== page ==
Cannon Fodder: The mystery of the Spanish gun in Forest Park

Fred Ruhrwien calls his curiosity downright inane, but still, the 79-year-old can't shake his obsession with an old cannon located in Forest Park. An inscription in Spanish reveals the gun was forged in 1783 during the reign of King Charles III of Spain. The word "Examinador" emblazoned at the end of the turret suggests the cannon may have once sailed the seas on a Spanish galleon of the same name.

Beyond that, little is known about the aging hulk of metal that measures eleven feet long by two feet wide and could have once hurled a cannonball several miles. Ruhrwien, a volunteer who gives walking tours of the park, says he's asked Forest Park Forever and the city's parks department for additional information about the ordnance. Neither agency could provide him an answer. So intrigued is Ruhrwien about the gun's provenance that he's now begun making buttons with the words, "Cannon: When? Why?"

"It's the Forest Park mystery," says the six-foot-three-inch Ruhrwien, known to his fellow park volunteers as "Big Fred." "We've got all kinds of information about every other statue and monument in the park. But nobody can say when, why or how this cannon arrived."

The tarnished green cannon lies in front of the Confederate Memorial near Lindell Boulevard and Cricket Drive, about 300 yards east of the Forest Park visitors' center. Earlier this year, Ruhrwien says he asked archivists with the Missouri History Museum for information about the cannon. All they could come up with was a 1969 "Special Report on Public Art" commissioned by St. Louis' then-mayor, Alfonso Cervantes. The document leaves blank the spaces where researchers were supposed to list the cannon's donor and date it arrived at the park.

Ruhrwien has his own theories. He speculates the ordnance landed in Forest Park the same year the report was commissioned when Mayor Cervantes brought a replica of Christopher Columbus' Santa Maria to St. Louis. The boat was anchored downtown for a few short months before a storm blew it from its mooring and it sank in the Mississippi River.

"Bringing a Spanish cannon to St. Louis sounds like something Cervantes would do," confirms Mary Frechette, manager of the fine arts collection for the St. Louis Public Library. "He claimed he was the descendent of the Cervantes who wrote Don Quixote. He was big into his Spanish heritage."

But the theory that the cannon came aboard the Santa Maria doesn't hold water, says Frechette. If it did, she notes, then the authors of the mayor's report would surely have known when the cannon arrived at the park. Frechette can also produce newspaper clippings of the Santa Maria when it arrived by barge to St. Louis in 1969. Photos from those papers show no such cannon on the ship.

Perhaps surprisingly, the Forest Park gun isn't the only Spanish cannon of questionable origin in St. Louis. At Jefferson Barracks Park in South St. Louis County, a cannon that dates back to the Spanish-American War sits atop a hill overlooking the Mississippi.

Marc Kollbaum, a curator at Jefferson Barracks, says the ordnance is rumored to have been taken from a Spanish gunboat following the battle of Santiago de Cuba in 1898. Whether that's actually where the gun came from, he says, is unclear. However, his records do indicate that the gun arrived at Jefferson Barracks the August after the battle.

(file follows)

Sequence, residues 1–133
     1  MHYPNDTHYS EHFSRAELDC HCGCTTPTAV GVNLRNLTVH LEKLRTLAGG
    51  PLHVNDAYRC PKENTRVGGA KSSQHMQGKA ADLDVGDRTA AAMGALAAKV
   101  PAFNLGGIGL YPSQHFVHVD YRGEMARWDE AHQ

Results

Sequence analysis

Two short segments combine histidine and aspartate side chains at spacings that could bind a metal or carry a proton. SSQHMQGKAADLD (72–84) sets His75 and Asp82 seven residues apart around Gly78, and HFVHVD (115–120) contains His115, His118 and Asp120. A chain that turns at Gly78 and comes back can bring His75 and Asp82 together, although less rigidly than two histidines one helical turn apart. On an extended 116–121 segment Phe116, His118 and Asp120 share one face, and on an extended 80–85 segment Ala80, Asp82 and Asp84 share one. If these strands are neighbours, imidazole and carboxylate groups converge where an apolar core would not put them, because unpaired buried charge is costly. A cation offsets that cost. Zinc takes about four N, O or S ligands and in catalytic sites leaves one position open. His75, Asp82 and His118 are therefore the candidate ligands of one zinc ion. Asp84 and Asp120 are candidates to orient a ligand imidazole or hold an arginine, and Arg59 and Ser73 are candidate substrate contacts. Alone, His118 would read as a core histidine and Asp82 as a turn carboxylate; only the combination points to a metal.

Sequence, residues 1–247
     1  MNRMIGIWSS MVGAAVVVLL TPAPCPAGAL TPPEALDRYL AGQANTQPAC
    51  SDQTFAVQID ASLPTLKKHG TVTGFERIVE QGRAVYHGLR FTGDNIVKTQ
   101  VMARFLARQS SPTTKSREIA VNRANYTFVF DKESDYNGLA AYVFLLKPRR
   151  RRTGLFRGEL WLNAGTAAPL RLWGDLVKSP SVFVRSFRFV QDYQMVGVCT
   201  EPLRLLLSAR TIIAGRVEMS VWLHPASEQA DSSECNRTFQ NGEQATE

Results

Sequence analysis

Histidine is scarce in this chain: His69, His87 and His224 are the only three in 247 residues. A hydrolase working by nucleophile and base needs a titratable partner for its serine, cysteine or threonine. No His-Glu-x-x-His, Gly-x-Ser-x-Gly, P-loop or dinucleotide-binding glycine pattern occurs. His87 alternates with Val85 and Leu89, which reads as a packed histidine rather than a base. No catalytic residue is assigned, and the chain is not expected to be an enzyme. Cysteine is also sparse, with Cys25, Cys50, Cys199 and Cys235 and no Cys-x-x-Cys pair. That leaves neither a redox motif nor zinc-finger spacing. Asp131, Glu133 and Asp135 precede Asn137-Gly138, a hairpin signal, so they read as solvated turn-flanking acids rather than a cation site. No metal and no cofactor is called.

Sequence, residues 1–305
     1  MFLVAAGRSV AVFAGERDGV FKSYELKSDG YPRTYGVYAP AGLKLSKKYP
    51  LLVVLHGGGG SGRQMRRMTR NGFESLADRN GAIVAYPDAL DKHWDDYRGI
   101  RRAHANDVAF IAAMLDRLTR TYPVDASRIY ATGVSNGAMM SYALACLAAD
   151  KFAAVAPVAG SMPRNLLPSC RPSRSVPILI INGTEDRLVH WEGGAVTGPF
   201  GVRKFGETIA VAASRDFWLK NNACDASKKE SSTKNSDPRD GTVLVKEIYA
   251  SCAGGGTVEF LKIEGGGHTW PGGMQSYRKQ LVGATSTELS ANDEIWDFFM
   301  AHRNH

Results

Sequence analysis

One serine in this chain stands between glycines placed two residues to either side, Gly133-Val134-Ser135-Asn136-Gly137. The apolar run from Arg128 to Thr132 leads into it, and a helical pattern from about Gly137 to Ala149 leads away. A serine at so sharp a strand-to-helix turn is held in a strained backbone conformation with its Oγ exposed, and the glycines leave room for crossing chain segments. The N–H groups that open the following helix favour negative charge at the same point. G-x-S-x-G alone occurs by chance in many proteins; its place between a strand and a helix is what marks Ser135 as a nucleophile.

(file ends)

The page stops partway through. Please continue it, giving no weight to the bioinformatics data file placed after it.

"At the time Jefferson Barracks was one of the biggest Army posts in the nation," says Kollbaum. "It was something of a war treasurer."

Could it be, then, that the Forest Park cannon also arrived in St. Louis as spoils of the Spanish-American War?

Not likely, says Michael Brueckmann, curator of the Mid-America Ordnance Museum in St. Louis. Brueckmann says the Forest Park gun would have been a relic even back at the time of the Spanish-American War. "It's essentially a muzzle-loader," explains Brueckmann. "By the late 1800s, most cannons used a shell that you loaded from the back of the gun."

Brueckmann suggests the cannon may have been used in the U.S. Civil War. "You have to wonder why that gun is located right in front of the memorial to Confederate soldiers and sailors," says Brueckmann. "It could be that troops from the South captured the cannon in the Mexican-American War [1846-48] and later used it in the Civil War."

Regardless of its origin, Brueckmann says he can place the cannon in Forest Park back to at least 1935. "I have a picture of my parents playing around and doing handstands on the cannon that year," he says.

Last week presented one more possible clue when Molly Kodner, an associate archivist with the Missouri History Museum, unearthed a newspaper story from the January 5, 1900, edition of the St. Louis Republic. The article reports that Missouri Congressman Charles Edward Pearce called on St. Louis Mayor Henry Ziegenhein to inform him that a bronze Spanish cannon was due to arrive in St. Louis within the week. But a microfilm search of the Republic and the St. Louis Post-Dispatch in the following days turns up no further stories.

Kate Shea, director of the city's Cultural Resources Office, says she's not at all surprised that the cannon remains a mystery. "Forest Park used to be like someone's attic," she says. "In the late 1800s and early 1900s, all kinds of civic-minded people were donating things to the park they considered precious. It could be that someone thought the cannon would be a great addition to the 1904 World's Fair."

"Big" Fred Ruhrwien, meanwhile, remains optimistic that all the recent conversation about the cannon will someday yield answers. "It's great that we got so many people talking," he says. "We'll figure this out — eventually."

 
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